The French Institute of Statistics reports that 76 percent of Muslims believe that religion is very important and involves every aspect of life, compared to 27 percent of Catholics and against 39 percent of other Christian denominations.

But it is for second-generation immigrants thatmembership in Islam remains the very important element. If it is 89% of immigrants from Algeria who declare themselves Muslim, among direct descendants it is 64% who confirm their belief. Same percentages for Morocco and Tunisia.

For Sahalian Africa, the ratio is 84% for parents versus 77% for children. For the other African countries, 38% also remained Muslim in France, and among the offspring the ratio is at 31%. Among Turkish immigrants, 72% say they are Muslim, compared to 67% for their offspring.

For Afghanistan, we are at 88% who say religious affiliation is also predominant for their children. Among immigrants who say they have a religion, slam is the most cited (55 percent on average), ahead of Catholicism (21 percent) and other Christian denominations (18 percent). It is the only religion for those who say they profess a belief from the Maghreb, and it is vastly majority among those from Sahelian Africa, Turkey and the Middle East. Membership in Islam remains significant in the second generation: 52 percent of descendants of immigrants who profess a denomination are Muslim-a percentage that matches the average among the various states of origin. And which reaches 58 percent among immigrants in France who are over the age of 16.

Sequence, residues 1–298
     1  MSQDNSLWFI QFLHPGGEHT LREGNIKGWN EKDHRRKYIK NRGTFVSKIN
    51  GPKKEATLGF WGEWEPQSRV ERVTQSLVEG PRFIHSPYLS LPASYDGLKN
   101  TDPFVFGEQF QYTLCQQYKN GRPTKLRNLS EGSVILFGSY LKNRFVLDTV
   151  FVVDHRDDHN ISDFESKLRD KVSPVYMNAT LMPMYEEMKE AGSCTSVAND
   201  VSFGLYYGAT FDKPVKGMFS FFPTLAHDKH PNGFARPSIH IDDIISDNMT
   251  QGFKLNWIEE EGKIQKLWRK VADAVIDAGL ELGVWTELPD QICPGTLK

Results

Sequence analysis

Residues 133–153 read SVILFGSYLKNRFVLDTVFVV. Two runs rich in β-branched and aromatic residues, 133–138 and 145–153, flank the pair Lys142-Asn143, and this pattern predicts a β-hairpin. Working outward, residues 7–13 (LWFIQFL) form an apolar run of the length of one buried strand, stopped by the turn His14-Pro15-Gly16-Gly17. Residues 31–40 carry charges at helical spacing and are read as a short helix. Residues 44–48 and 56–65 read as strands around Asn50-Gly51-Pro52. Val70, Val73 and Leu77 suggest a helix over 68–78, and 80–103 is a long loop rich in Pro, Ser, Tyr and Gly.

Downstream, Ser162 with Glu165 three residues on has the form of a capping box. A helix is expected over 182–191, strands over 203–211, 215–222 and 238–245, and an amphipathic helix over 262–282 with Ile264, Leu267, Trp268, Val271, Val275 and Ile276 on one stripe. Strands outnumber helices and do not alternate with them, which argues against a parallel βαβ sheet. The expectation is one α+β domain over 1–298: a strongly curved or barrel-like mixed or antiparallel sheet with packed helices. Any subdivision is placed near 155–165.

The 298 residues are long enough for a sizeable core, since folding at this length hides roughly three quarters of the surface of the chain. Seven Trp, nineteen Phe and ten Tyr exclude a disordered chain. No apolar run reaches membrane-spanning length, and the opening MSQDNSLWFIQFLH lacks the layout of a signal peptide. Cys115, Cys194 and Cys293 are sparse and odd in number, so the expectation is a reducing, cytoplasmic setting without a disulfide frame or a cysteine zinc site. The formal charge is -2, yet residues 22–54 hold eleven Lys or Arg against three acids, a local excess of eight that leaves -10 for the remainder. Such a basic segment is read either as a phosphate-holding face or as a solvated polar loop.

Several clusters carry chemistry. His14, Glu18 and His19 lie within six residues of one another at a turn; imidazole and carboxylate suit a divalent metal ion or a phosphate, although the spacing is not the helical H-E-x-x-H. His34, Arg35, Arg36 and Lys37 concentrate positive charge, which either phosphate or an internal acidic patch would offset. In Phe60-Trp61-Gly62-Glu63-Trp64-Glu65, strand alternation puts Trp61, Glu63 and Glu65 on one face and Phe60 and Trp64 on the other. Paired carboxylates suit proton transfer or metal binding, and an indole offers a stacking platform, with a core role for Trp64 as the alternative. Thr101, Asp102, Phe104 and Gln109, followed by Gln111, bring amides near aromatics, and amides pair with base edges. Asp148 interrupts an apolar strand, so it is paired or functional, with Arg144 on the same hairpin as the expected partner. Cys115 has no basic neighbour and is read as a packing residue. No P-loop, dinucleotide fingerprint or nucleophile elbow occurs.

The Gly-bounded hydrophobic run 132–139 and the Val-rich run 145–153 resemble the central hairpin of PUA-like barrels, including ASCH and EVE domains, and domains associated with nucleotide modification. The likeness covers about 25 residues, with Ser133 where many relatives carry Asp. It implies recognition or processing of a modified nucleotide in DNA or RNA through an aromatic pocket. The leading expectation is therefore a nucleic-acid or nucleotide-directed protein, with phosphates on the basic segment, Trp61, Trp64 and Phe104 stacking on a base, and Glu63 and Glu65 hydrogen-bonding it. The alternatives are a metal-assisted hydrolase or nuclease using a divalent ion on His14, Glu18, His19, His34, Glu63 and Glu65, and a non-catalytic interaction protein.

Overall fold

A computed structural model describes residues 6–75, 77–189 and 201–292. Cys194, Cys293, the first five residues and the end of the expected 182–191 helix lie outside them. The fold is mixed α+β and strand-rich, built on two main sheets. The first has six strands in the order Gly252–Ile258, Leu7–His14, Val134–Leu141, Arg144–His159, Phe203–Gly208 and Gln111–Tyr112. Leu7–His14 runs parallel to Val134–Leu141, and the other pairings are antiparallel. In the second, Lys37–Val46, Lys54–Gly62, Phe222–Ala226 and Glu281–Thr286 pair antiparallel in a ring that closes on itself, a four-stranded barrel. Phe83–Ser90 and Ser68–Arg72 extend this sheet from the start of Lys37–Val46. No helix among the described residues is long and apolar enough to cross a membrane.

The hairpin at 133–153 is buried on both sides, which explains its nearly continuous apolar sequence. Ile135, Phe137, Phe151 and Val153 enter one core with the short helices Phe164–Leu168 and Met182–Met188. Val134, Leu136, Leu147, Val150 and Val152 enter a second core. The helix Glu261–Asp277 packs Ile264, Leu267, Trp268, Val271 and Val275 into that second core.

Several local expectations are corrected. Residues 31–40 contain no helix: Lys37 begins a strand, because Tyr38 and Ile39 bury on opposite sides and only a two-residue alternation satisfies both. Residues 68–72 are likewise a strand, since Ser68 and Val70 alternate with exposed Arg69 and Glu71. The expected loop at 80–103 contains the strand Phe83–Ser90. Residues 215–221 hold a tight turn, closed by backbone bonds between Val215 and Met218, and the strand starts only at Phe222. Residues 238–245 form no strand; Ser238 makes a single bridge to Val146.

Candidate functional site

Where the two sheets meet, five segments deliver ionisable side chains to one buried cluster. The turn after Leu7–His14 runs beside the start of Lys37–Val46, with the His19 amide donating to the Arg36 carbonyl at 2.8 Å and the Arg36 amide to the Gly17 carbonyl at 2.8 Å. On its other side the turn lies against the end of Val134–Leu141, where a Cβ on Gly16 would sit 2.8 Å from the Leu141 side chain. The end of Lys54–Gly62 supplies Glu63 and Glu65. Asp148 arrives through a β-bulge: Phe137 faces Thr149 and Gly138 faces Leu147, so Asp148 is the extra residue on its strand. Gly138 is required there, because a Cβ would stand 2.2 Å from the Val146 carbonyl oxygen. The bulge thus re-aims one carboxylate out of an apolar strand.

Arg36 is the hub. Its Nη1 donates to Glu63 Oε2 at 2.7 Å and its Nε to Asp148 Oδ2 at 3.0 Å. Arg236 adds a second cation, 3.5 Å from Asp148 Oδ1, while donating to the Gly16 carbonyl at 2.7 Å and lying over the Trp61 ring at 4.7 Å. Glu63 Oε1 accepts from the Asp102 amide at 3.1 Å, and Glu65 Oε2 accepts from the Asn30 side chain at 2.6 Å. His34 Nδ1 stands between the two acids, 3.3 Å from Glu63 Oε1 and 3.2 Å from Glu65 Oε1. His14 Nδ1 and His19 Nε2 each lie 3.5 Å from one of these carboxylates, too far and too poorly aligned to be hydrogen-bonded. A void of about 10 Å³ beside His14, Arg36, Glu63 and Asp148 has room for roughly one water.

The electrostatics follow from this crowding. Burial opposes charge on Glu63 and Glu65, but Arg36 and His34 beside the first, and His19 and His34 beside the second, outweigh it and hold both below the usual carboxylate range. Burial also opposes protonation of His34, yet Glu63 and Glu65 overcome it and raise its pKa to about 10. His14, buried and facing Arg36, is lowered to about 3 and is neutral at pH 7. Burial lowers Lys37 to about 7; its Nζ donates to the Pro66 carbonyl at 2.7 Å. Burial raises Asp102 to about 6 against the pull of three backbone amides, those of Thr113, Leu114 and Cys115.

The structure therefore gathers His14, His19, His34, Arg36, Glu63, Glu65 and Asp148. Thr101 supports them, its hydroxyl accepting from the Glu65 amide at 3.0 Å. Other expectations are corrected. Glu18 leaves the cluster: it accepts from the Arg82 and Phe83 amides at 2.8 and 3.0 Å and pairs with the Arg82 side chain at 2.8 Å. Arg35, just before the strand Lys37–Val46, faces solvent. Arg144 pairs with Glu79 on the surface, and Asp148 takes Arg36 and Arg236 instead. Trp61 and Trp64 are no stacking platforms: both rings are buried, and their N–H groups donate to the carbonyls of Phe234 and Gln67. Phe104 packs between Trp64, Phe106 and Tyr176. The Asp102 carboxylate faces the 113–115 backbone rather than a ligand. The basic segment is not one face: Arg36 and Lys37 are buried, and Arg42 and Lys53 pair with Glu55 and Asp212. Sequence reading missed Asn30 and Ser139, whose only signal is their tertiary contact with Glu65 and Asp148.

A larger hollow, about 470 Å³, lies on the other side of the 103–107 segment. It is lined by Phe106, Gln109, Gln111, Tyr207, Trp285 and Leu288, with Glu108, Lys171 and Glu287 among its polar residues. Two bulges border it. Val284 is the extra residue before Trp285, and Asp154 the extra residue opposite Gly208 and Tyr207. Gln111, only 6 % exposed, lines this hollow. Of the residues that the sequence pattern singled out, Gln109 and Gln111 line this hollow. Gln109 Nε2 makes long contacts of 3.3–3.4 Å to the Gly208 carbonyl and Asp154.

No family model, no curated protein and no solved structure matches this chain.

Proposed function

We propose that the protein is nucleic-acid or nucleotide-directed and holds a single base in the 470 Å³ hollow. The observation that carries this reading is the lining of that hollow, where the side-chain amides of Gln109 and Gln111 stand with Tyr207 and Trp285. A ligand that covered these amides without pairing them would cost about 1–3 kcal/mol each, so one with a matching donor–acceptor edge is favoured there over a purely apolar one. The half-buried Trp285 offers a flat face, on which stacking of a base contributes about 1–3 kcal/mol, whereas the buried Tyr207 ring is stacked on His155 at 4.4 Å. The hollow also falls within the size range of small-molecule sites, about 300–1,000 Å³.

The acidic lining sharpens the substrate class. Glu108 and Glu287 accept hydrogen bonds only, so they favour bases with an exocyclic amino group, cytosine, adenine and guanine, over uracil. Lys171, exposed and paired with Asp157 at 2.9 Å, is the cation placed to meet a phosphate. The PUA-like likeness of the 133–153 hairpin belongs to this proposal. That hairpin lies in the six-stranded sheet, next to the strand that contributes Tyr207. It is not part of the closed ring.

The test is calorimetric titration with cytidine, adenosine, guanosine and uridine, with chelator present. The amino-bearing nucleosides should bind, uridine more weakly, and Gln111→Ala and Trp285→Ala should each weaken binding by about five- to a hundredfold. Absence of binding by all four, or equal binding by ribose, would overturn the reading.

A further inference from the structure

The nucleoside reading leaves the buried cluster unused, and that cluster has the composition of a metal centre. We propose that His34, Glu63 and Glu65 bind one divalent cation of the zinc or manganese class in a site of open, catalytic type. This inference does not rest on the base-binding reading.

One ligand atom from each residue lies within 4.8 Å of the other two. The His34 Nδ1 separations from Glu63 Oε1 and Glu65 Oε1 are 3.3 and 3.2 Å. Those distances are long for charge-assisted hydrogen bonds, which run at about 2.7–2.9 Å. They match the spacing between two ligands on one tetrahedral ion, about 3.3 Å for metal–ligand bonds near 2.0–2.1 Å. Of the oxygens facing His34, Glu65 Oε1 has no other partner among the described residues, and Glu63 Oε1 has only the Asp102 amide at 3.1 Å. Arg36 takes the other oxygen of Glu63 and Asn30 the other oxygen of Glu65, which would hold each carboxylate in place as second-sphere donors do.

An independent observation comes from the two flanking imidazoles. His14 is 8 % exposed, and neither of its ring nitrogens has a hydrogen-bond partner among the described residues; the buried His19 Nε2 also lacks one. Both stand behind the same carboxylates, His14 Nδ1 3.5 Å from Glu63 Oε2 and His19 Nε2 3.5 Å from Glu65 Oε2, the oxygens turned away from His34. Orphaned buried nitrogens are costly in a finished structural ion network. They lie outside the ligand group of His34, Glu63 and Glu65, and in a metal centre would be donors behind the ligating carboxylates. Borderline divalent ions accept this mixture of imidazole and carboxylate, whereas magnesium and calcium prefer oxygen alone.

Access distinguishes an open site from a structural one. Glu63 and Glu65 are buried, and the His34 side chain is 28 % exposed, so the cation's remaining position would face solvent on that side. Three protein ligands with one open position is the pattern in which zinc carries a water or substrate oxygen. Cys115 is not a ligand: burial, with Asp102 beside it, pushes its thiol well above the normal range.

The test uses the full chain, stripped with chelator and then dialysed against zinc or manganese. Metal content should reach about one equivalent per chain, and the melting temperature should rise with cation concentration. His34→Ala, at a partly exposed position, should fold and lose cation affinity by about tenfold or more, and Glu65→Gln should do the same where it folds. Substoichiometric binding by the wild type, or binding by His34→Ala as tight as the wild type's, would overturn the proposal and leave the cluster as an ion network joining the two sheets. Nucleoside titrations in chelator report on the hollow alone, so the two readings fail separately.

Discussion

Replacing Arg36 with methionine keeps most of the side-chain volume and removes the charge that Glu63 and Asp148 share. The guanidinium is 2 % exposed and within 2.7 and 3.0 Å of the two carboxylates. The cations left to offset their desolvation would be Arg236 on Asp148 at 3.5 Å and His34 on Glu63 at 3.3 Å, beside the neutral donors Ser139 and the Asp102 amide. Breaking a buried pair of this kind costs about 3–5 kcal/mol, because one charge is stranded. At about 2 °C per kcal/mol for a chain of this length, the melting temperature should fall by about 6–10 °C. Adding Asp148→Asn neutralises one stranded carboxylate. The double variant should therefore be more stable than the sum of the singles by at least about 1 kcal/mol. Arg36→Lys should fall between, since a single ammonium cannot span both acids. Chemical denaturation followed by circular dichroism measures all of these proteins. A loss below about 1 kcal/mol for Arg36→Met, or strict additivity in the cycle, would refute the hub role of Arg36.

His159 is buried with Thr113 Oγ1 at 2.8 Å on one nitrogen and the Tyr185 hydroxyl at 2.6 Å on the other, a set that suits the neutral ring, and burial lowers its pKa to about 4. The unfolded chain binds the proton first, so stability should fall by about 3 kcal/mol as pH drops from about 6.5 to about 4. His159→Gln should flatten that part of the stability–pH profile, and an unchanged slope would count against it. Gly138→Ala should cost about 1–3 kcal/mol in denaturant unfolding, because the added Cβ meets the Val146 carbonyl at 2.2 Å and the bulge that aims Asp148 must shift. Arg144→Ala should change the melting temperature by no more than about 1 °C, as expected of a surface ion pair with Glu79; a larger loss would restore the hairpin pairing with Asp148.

If we consider, moreover, the estimates between admissions and religious affiliation, the relationship between accelerating migration flows and strengthening the demographics of expressly Muslim populations in France emerges overbearingly. In 2017, 44 percent of thepopulation increase came from immigrants. In 2019, 38 percent of France's population growth was attributed to the Muslim population. While for subsequent years, data have not yet been reported by Insee.

Each year, the Institute for Statistics also publishes data of concerning the names given to children born in France since 1900. In 2019, Jérôme Fourquet, director of IFOP (French Institute of Public Opinion) since 2011, reconstructed the data then published in an essay, L'Archipel français (Seuil, 2019). The study reports that children given a Muslim name account for 21.73 percent of the total number of new births in France. In 2000, they were 8%; in 2010, 15%. In the Île de France departments, new babies born with an Islamic name exceed 55%.

This is the second time in ten years, then, that two French state bodies, theInsee and the National Institute for Demographic Studies (Ined), have provided ananalysis of the evolution of religions in France. They found that the use of the veil for Muslim women has increased by 55 percent in ten years, from 2009 to 2020. And that 26% of Muslim women between the ages of 18 and 49 advocate its use. Observable increase among all geographic origins, for the second and third generation, with higher percentages, however, among women who arrived from Turkey and the Middle East.

An Ifoppoll for the Comité Laïcité République reports that 57 percent of young Muslims believe that shari'a law is more important than the law of the Republic. A 10-point increase from 2016. All the data together tell that through the issue of the immigrant population comes the essential question of France's destiny.

Policies regarding immigration are the stakes of conflicts, by no means symbolic, that denounce problems of an essentially social nature.